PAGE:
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Sunday, 25 October 2015

Vale Maureen O'Hara (1920-2015)

Actress Maureen O'Hara has died in Boise, Idaho, aged 95. She was born Maureen FitzSimons on August 17, 1920, on Beechworth Avenue, Ranelagh, Dublin.  She was one of the last surviving stars from the Golden Age of Hollywood.
The caption for these 1942 images was:  “The stories they’ve told! Another load of RKO Radio typewriters is turned in to the government for war work. Somewhere in the lot is Maureen O’Hara’s personal typewriter, which she added to the pile before she would pose in the picture. The machines come from the script department, where each one has played its role in recording countless memorable scenes for screenplays. Taking time off between the shooting of scenes at the RKO Studios in Hollywood, Miss O’Hara helped collect more than 70  typewriters for future use by the Army, Navy, and Marines.” Americans were asked to donate 600,000 typewriters for use in World War II.
Below: "Send your typewriters to war. At Universal City, California, Maria Montez, glamorous Latin-American movie star, and Gloria Jean, typical of young America in Hollywood, helped collect more than 100 typewriters for the Army, Navy, and Marines. Only machines manufactured since January 1, 1935, were commandeered; no portables were wanted."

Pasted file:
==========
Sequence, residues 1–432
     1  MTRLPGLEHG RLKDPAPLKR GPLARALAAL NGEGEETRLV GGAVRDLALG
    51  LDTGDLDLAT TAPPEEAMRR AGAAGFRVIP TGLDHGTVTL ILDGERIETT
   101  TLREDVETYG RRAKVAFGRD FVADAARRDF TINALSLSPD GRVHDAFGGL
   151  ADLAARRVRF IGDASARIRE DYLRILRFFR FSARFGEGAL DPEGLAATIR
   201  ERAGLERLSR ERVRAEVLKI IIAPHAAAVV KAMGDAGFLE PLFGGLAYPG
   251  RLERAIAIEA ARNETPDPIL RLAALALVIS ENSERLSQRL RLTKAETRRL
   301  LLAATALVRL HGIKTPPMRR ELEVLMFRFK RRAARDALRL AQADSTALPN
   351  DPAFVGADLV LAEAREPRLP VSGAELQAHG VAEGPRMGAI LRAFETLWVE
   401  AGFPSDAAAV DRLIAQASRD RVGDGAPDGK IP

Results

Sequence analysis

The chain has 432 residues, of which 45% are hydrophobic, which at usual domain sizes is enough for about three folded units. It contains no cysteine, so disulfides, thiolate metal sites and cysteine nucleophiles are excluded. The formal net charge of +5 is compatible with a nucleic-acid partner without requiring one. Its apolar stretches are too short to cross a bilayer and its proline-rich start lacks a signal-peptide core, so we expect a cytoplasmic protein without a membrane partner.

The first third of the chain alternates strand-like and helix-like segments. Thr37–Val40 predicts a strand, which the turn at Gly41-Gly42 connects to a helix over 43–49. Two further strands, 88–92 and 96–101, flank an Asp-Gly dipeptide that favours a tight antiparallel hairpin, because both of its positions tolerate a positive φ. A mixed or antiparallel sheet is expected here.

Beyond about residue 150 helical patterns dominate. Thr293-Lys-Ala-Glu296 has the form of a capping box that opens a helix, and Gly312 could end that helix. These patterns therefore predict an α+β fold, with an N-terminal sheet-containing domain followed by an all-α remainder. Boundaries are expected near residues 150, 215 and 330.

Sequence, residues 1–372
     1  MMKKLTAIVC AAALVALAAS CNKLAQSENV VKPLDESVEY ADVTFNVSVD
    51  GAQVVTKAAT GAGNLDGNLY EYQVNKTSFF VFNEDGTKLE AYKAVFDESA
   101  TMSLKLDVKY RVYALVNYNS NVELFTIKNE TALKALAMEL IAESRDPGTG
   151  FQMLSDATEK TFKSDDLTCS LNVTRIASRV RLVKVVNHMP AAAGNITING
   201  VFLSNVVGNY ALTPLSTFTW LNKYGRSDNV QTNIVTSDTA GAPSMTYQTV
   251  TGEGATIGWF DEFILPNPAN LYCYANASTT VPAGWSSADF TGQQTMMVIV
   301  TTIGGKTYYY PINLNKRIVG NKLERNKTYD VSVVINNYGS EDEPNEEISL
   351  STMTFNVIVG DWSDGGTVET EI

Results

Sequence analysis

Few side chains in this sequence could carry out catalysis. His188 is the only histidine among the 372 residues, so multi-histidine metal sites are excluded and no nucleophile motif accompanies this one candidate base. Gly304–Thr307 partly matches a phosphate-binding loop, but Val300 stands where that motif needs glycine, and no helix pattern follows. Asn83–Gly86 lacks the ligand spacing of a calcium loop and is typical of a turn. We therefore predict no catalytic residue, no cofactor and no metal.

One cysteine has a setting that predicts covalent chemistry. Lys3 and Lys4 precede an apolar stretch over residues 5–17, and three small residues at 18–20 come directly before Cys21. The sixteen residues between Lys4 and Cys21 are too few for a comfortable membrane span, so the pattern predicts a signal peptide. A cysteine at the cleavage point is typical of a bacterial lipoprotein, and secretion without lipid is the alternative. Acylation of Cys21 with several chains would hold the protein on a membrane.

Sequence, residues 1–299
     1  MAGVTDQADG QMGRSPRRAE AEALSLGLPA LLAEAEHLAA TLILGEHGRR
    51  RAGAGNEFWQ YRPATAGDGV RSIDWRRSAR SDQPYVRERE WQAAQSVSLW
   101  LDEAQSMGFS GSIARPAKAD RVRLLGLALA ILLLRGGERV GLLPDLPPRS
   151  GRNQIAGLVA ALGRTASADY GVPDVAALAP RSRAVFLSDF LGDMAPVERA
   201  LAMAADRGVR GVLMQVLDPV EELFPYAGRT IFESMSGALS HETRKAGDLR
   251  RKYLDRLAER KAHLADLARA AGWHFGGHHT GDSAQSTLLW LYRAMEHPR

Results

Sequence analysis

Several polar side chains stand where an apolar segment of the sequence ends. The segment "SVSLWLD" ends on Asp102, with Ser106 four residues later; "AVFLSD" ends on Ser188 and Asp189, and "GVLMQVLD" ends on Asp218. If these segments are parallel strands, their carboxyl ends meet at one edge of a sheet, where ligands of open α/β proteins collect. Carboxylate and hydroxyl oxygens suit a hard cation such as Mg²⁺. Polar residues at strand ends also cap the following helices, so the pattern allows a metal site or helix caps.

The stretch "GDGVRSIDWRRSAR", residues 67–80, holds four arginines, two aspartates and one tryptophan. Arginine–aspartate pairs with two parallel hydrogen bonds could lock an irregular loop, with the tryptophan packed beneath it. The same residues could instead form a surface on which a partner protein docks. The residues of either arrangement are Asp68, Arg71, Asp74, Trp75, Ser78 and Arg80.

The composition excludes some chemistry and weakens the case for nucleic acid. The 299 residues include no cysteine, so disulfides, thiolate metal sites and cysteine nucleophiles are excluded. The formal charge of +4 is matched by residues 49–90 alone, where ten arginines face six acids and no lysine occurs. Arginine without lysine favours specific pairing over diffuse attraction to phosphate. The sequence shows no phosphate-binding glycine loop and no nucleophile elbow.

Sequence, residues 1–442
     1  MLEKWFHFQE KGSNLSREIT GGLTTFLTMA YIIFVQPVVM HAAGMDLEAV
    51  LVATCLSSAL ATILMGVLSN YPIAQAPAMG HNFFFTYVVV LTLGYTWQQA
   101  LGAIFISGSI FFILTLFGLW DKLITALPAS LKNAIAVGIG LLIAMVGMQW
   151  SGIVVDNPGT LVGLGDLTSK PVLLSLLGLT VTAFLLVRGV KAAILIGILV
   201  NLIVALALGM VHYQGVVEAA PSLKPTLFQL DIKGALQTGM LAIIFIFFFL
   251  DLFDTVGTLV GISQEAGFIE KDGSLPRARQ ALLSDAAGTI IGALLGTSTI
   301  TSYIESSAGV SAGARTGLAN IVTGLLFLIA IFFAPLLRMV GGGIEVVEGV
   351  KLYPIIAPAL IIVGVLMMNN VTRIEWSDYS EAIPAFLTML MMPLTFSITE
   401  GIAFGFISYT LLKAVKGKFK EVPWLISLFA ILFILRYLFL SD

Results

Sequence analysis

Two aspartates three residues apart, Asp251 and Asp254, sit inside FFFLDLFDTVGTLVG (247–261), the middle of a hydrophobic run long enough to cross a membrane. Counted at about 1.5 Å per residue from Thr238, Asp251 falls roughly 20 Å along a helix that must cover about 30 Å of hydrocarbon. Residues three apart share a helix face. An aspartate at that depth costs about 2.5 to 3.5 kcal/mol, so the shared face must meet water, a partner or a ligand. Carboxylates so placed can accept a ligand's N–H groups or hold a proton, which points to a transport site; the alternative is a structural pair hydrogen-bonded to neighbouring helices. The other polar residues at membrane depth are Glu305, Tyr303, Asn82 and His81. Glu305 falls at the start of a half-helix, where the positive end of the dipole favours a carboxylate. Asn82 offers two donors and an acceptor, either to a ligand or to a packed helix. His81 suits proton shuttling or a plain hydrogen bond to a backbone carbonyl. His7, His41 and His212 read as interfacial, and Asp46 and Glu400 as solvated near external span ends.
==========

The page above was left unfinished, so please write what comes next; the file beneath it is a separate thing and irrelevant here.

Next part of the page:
Above, Maureen O'Hara in 1940. She was born quite close to where I once lived in Dublin. Below at the Taronga Park Zoo in Sydney in 1951, while here to star in 20th Century Fox's film Kangaroo.

5 comments:

Gordon Tillman said...

Great pics Robert. Maureen O'Hara is one of my all-time favorite actresses. I really loved the move _The Quiet Man_ that she did with John Wayne.

Joe V said...

She looks stunning in that 1940 photo, must be early Kodachrome.

Do you suppose the US Government's quest for uprights during the war affected the available stock of typewriters from that era today? Are portables of that era more easily found today than uprights?

Another great article, Robert.

Alex Volkov said...

I wonder why there was no request for portables. It is more military-like to be lightweight, compact, and mobile. WW I had an opposite PR with Blickensderfers, for a reporter typing atop of a camel and for a Navy admiral using it in the battle

Bill M said...

Wonder what happened to all the typewriters after the war.

Ted said...

a recurring theme today is militaristic typewriting in the Typosphere. (:

O'Hara paired well with John Wayne more than once, they were delightful in "McClintock" too :D